Two-sport athletes help women’s lacrosse team transition

by Connor Burton / Beacon Staff • March 27, 2014

Tayllar Righini plays soccer in the fall and lacrosse in the spring.
Beacon Archive
Tayllar Righini plays soccer in the fall and lacrosse in the spring.
Beacon Archive

Emerson’s women’s lacrosse team is in the midst of its first season of competition in the New England Women’s and Men’s Athletic Conference. As the team works to earn respect in its new conference, the squad will look to five dual sport athletes, who already have NEWMAC experience under their belt, to help propel their team into the playoffs. 

Sophomore midfielder Tayllar Righini, who scored a team-high six goals for Emerson’s women’s soccer team, is one of four players on the 17-player women’s lacrosse roster who also play soccer.

Righini, a communication sciences and disorders major, said having her teammates Maggie Sheetz, Naomi Kramer, and Casey Jablonski playing alongside her in both sports is a huge advantage.

“Dual-sport athletes are aware of commitments and know they have to stay in shape for both seasons,” Righini said. “I know all [my teammates] are working really hard, but soccer girls have already had in-game experience earlier in the year, so we’re more prepared.”

Third-year head coach Megan Moore said having multi-sport athletes on her team has proved invaluable, especially after accepting the head coaching job in 2011 and inheriting a depleted roster.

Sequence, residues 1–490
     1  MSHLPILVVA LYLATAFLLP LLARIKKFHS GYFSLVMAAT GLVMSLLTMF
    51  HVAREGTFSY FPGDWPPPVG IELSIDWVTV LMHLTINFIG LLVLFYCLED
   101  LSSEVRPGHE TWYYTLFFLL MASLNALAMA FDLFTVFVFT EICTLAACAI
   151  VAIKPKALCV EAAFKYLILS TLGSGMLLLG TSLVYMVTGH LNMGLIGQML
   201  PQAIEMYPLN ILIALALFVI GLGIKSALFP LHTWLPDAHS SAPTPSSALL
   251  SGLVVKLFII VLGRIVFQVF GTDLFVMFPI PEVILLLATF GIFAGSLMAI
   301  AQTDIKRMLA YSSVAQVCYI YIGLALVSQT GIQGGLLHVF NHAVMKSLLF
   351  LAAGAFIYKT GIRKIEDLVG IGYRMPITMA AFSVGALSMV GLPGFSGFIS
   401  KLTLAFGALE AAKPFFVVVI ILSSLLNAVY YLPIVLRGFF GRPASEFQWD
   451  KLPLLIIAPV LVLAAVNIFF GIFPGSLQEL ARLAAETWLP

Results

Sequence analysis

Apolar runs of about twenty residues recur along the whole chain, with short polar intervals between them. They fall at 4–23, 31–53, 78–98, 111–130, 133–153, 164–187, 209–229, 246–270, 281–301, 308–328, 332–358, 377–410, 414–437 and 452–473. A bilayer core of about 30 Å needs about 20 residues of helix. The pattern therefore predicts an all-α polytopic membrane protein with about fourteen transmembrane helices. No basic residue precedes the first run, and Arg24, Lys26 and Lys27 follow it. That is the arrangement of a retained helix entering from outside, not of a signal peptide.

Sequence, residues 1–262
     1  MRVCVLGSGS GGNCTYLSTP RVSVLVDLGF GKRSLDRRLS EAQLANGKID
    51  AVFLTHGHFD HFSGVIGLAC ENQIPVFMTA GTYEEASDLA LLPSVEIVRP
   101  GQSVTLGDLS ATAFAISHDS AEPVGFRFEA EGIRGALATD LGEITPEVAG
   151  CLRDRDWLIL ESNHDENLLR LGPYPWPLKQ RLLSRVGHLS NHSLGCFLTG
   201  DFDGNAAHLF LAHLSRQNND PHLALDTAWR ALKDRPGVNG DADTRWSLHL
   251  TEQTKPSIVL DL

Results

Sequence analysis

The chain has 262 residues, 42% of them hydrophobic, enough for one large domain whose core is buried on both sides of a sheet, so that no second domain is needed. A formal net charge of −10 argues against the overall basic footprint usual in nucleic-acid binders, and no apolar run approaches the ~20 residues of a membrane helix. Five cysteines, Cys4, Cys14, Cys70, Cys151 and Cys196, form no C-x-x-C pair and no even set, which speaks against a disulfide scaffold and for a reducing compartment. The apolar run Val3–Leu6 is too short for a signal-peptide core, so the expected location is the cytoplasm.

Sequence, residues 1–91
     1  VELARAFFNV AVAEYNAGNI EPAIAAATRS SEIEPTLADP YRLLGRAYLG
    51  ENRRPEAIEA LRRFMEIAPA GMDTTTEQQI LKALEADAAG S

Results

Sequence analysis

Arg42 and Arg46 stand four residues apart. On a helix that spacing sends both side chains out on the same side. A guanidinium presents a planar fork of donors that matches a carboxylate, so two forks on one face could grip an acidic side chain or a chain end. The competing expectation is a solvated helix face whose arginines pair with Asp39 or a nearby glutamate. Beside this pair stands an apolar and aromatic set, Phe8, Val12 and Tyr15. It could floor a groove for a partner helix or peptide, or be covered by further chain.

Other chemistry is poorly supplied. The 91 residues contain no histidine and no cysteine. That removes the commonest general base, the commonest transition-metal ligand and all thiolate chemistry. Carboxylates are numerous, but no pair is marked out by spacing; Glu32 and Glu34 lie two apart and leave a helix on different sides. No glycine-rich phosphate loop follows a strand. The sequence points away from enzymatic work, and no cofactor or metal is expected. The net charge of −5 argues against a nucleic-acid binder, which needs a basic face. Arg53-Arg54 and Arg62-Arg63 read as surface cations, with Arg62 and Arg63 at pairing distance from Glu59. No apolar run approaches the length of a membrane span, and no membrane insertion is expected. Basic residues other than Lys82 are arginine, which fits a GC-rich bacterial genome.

“We had a big senior class, and because of coaching changes, it wasn’t a priority for them [to play] anymore,” Moore said. “We had only one senior stick around for the 2012 class. It was a challenge to get athletes. We were lucky to have athletes show interest.” 

Aside from having players to help fill the roster, Moore said the experience her two-sport athletes earned in the fall and winter was extremely helpful. 

“[It’s] nice to have them as a resource and to get their outlook,” said Moore. “One of our seniors [Jablonski] was senior captain for the soccer team and in our preseason meetings she was instrumental in sharing what the level of competition [in the NEWMAC] was like for soccer. She was also able to share the things she learned. After hearing what she had to say, we know we can still compete.”  

After the women’s soccer season ended, Righini said she had a week off before she jumped into lacrosse offseason workouts. 

“[There is] very little time for rest, but it’s a lot easier to be a student athlete than a student,” said Righini, who currently leads the team with nine assists. “When you know you have prior commitments, you plan ahead and get stuff done.” 

Macy Day, a junior defender, started attending offseason lacrosse workouts during the final few weeks of her basketball season. Although both schedules overlapped and she had no time to rest, Day said she did have to deal with some adjustments, but was more than ready to compete with the lacrosse team this season. 

“Basketball is a long season, and I always find myself being stronger, and when I get to lacrosse, I play faster,” said Day, captain and forward for Emerson’s basketball team. “It’s funny to see how your body will change and react. [You go from] short sprints to full field sprints. Going from sneakers to cleats is weird and going from a soft court to turf is a shocker in the first week.”

Although playing two sports can be physically and mentally taxing, Moore said she isn’t worried about her multi-sport athletes’ health. 

“It’s just part of the [Division 3] experience, and I tend to kind of sell that to recruits,” Moore said. “If [someone] is passionate about two sports, they have that opportunity here.”